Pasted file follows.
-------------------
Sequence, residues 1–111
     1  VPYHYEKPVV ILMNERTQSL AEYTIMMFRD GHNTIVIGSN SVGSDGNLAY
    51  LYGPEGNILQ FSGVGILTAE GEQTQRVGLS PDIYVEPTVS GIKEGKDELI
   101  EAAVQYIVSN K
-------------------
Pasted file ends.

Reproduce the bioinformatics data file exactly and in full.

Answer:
Sequence, residues 1–111
     1  VPYHYEKPVV ILMNERTQSL AEYTIMMFRD GHNTIVIGSN SVGSDGNLAY
    51  LYGPEGNILQ FSGVGILTAE GEQTQRVGLS PDIYVEPTVS GIKEGKDELI
   101  EAAVQYIVSN K